Stay Focused on Fiber This Month

Posted by on Jan 6, 2017 in The Nutrition Key with BRG | 0 comments

January is National Fiber Focus Month.  What better way to start the New Year than to learn about the benefits of fiber and how you can eat more fiber!

 

Fiber is a form of carbohydrate, also known as roughage or bulk.  It comes from starch from plant and your body cannot break it down into usable energy for your body.  Instead, fiber helps regulate bowel movements, decrease blood glucose and cholesterol levels, and increase satiety, thus regulating weight.

 

Types of Fiber

 

There are two types of fiber, insoluble and soluble fiber.  Most foods contain a mix of the two types of fiber, but it will depend on the food.

 

  1. Insoluble fiber’s job is to keep your intestinal tract healthy by attracting water to the intestine, softening your stool. It will also reduce the amount of time that food sits in your intestinal tract. You want this to happen because if food sits there too long it can cause constipation. Food sources: wheat bran, whole grains, fruits and vegetables.

 

  1. Soluble fiber’s job is to also soften stool and ferment in the intestines to produce healthy gut bacteria. This enhances your immune system to fight infection and chronic disease. Soluble fiber also aids in lowering your blood cholesterol by reducing the amount of dietary cholesterol your body absorbs.  Food sources: dried beans, peas, lentils, oats, barley, fruits, and vegetables like carrots and squash.

 

Eat More Fiber

 

The National Fiber Council recommends 32 grams of fiber a day for a healthy adult.  However, according to Columbia University Institute of Human Nutrition, the average American barely consumes half of the recommended amount of fiber needed per day.  This needs to change!

 

Here are 6 ways you can add more fiber to your day!

 

  1. Start your day off with a high-fiber breakfast. This can be oatmeal with fresh berries, whole-wheat toast and peanut butter or a high-fiber cereal with fruit.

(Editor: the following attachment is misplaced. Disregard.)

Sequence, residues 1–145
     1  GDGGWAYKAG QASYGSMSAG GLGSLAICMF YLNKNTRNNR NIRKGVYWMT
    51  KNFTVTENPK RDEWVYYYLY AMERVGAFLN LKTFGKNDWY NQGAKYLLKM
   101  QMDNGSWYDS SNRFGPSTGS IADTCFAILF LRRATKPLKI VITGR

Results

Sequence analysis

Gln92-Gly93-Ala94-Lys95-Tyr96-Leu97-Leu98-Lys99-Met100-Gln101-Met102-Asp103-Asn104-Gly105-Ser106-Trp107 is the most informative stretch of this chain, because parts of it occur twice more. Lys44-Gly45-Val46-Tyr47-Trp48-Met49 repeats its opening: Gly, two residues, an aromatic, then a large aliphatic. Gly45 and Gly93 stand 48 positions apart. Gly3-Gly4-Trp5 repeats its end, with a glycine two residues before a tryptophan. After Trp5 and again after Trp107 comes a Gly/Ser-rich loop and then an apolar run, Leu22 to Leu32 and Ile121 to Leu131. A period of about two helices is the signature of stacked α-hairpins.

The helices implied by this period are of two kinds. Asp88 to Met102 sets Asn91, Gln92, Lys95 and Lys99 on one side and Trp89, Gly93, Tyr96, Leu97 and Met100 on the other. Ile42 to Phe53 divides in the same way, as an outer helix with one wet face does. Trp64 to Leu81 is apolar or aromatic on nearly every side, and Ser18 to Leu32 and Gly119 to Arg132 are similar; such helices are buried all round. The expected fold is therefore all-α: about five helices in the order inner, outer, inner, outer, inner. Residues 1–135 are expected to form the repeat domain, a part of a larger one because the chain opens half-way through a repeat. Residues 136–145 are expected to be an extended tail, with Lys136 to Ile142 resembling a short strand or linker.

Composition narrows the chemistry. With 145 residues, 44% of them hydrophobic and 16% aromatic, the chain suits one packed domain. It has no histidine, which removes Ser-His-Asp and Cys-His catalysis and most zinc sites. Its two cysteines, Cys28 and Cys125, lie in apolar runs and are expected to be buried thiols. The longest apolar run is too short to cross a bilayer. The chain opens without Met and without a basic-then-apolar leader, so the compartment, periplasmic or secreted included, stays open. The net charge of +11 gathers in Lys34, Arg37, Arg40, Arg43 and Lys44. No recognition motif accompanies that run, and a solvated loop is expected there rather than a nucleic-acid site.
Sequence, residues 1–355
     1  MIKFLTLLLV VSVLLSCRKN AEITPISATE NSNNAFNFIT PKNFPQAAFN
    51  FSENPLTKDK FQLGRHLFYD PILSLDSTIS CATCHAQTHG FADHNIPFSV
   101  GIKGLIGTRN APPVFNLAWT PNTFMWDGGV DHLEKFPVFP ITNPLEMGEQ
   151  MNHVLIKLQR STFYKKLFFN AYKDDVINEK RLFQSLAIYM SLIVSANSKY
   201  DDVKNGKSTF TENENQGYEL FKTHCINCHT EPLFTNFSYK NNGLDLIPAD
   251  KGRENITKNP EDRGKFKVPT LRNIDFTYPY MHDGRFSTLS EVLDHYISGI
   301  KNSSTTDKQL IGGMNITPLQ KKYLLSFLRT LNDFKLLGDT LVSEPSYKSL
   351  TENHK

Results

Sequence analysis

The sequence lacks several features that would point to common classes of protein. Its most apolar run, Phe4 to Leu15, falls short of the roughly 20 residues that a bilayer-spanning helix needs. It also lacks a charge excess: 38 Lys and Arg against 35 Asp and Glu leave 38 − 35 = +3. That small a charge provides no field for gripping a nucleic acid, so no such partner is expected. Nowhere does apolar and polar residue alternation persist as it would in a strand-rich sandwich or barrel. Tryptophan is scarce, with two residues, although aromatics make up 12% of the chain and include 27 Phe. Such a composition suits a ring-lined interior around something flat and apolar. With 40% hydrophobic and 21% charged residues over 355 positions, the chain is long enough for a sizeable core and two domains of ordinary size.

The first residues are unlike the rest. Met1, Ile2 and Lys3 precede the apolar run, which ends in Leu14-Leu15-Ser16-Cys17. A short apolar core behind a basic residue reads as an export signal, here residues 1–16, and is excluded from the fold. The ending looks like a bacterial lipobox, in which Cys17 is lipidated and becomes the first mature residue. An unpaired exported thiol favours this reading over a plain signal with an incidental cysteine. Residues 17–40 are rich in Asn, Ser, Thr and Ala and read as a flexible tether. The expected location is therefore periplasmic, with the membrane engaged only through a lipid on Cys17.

1. Choose legumes. Legumes, such as beans and peas, are high in soluble fiber and are a good source of protein.  Try swapping out a hamburger for a black bean burger at dinner.
  1. Keep the skin on fruits and vegetables. Most of the fiber found in foods is found on the skin, yet you may peel it off.  Avoid peeling the skin off of apples and potatoes to keep the fiber content high!
  1. Eat more fruits and vegetables. Fruits and vegetables are excellent sources of fiber.  Opt for whole fruits and veggies vs. juice to benefit from all the fiber found naturally!  Banana and peanut butter on whole-wheat toast makes for a great high-fiber snack.
  1. Swap iceberg lettuce for romaine lettuce or spinach. Salads are a lunch favorite, but if you choose a salad with a base of iceberg lettuce you are missing out on fiber.  Instead, choose romaine lettuce, spinach or kale as your salad base for more fiber.  You can also pile on beans and vegetables for even more!
  1. Make whole grain and whole-wheat your first choice. Whole grain and 100% whole-wheat pasta, breads, etc. are high in fiber.  Since they are minimally processed, they retain the bran, which contains all of the fiber (unlike white pastas and breads).

 

If eating high-fiber foods is new for you, then add fiber slowly into your diet.  Start by adding one fiber-rich food daily for one week, and then increase to two until you meet the recommendation.  It is also important you increase the amount of water you drink to prevent constipation!!  Once your body gets used to eating more fiber you won’t have to think twice.

 

Your Turn to Take Action:  How will you eat more fiber this month?  Let me know in the comments below!

 

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